Oliver Zapata was given a chance to bat lead off in this game, and he responded with a 3 for 4 performance that included a run scored and his ninth stolen base of the season. Taiwan Easterling reached four times on two hits and two walks, and Paul Hoilman smashed a three run homer to secure the margin of win.

In addition to Zapata’s steal, Easterling stole his thirteenth bag, Baez swiped his fifth, and Darvill took his seventh of the season.

Luke Blaize is the Minor League Editor at Bleacher Nation. He can be found on Twitter as ltblaize.

55 responses to “Cubs’ Minor League Daily: Checking In On The DSL”

  1. Joker

    Softball question time – have any of the DSL guys ever made it over and had any lasting impact for the Cubs? I’ve had a tangent awareness of the DSL, but never tracked any of the players.

    1. Brett

      Starlin Castro started in the DSL in 2007.

      1. King Jeff

        That’s it? Time to close the facility. Castro is clearly not the kind of player the Cubs want to build around.

  2. BoothJoe

    With the way Baez seems to be playing in Peoria, do you see the Cubs pulling him to go to Boise or do they leave him there and let him ride out the rest of the season?

    1. Norm

      I don’t see why they would put him in a less quality league…stays in Peoria for the year.

    2. MaxM

      I think he meant Daytona, guys.

      1. Brett

        Ah, in that case, still probably not – maybe a cup at the end of the season.

  3. 1908Blues

    Sorry, had a ? but figured out the answer.

  4. oswego chris

    Was yesterday “Lefty Starter day”..didn’t Iowa, Tennessee and Daytona all start lefties? It’s nice they pitched weill and all but I don’t get too excited about “finesse” type lines of 7IP 5 hits 2 er and 2 ks…I know it’s short-sided and dumb of me, but give me 6 ip and 10 or 12 K’s out of a lefty prospect…

    beggars(and we are worse than beggars right now) can’t be choosers….

  5. Kyle

    As soon as you said “21 years old” and “DSL” in the same sentence, I tuned out. If a kid is still in the DSL at 18, I get skeptical. But 21? Organizational filler.

    1. Brett

      Not if they just signed him.

      (Which, upon checking, they did not. Signed him two years ago.

      1. Kyle

        But why would a kid from the D.R. not sign until he was 21? The island is full of scouts following around kids and counting down to their 16th birthdays so they can sign. It’s kind of creepy.

    2. JulioZuleta

      I was checking the stats for DSL guys, Jose Paulino has a 0.00 ERA with 10 Ks in 5 IP and he just turned 17 a couple weeks ago. Obviously tiny sample size, but a guy that young is kind of interesting.

  6. Cedlandrum

    Easterling is such an intriguing player. After a brutal start he is really starting to turn things around. He much like Hail Szczur didn’t devote themselves to baseball until signing with the Cubs. He has pretty good speed and is developing some plate discipline. Presumably he is a good all around athlete considering he played Wideout for FSU. should be fun to follow.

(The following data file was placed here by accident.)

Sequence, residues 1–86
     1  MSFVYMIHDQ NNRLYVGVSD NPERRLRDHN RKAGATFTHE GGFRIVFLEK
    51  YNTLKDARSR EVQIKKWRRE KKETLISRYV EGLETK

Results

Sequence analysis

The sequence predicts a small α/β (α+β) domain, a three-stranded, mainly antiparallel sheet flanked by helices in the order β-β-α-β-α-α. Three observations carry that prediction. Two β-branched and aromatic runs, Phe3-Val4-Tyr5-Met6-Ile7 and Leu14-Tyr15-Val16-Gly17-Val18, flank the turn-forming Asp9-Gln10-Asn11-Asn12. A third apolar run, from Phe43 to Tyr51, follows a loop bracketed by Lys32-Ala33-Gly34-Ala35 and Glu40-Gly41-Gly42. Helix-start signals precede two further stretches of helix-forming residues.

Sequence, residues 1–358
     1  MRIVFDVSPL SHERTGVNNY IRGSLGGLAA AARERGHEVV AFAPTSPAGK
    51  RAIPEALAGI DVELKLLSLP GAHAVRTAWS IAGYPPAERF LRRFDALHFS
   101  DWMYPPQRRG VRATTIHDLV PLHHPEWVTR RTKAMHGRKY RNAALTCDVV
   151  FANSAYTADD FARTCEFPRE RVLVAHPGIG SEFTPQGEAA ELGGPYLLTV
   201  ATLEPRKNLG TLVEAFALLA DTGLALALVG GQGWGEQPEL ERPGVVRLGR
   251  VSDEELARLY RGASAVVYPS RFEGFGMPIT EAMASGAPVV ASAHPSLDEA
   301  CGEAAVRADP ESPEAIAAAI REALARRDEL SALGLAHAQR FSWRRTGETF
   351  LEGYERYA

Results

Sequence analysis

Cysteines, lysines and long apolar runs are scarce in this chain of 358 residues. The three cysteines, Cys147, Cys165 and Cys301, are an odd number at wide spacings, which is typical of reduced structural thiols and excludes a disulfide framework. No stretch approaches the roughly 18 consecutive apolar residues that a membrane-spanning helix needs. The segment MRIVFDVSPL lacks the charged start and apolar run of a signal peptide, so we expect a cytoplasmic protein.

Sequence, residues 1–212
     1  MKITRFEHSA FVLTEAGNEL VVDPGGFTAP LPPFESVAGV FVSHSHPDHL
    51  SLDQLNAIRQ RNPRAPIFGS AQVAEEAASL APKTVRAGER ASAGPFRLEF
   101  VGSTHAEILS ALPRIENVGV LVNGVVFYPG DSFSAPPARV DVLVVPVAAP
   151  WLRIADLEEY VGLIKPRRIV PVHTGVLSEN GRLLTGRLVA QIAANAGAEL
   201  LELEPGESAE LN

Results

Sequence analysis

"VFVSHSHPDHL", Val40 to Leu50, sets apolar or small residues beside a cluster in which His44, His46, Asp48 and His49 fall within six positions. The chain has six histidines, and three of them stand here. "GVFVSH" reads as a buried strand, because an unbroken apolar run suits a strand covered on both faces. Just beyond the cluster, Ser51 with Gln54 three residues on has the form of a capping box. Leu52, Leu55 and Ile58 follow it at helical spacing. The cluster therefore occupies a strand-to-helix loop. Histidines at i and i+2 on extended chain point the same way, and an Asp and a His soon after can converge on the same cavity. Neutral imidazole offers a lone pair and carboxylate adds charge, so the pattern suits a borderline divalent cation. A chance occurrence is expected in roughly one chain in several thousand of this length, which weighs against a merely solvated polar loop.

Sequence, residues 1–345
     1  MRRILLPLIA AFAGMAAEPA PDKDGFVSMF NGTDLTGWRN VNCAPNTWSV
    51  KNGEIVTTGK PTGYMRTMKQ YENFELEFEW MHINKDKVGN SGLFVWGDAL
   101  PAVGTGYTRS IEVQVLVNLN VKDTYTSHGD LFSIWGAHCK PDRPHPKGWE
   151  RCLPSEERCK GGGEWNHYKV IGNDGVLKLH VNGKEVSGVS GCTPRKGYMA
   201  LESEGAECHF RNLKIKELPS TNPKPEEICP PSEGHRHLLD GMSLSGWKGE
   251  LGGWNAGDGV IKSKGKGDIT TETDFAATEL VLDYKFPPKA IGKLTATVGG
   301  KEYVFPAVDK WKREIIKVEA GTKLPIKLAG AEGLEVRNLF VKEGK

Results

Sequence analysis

1. Chris

      Saw Easterling play last week and I liked how the ball just seems to jump off his bat. The problem I saw is he can’t hit the offspeed stuff, or at least didn’t in 3 games I watched. That’s how the Cougar’s pitchers were getting him out. In fact, the last at bat I remember they threw nothing but curve balls and he didn’t hit one of them. He has a Glenallen Hill build, broad shoulders, but hits the curve ball more like Pedro Cerrano.

      1. cubfanincardinalland

        Call me a cynic, but he is 23, hitting .245 at low level class A ball. Kind of now or never time.

        1. Chris

          Agreed.

      2. JulioZuleta

        “Straight ball I hit very much”

        Everytime I see an Allstate commercial, it makes me feel so old. How can that old man be Perdro Cerrano.

  7. Patrick G

    Rizzo is no doubt tearing it up, but one thing that still worries me is his strikeouts. In 215 at bats he’s struck out 42 times. Not sure if this improved or not from previous seasons, but that is fairly high, especially I’ve he reaches the Majors and faces better pitching.

    1. Kyle

      19.5% is fairly acceptable for a power hitter. Obviously, lower is always better, but it’s not outlandish.

      1. Drew7

        Isnt that about ML average? Rizzo certainly has above league average power.

    2. DocPeterWimsey

      In addition to what Kyle notes, K’s and slugging are positively correlated.  Players buy contact at the cost of power by shortening and quickening their swings.  Now, a power hitter can fine tune his stroke and/or get a bit better at reducing his “swing” zone.  However, when you swing hard enough to hit a baseball 400′, you are starting your swing a fraction of a second earlier than when you just stab at the ball: and that means just a little more “guess” work as to where the pitch will be when it gets to home plate.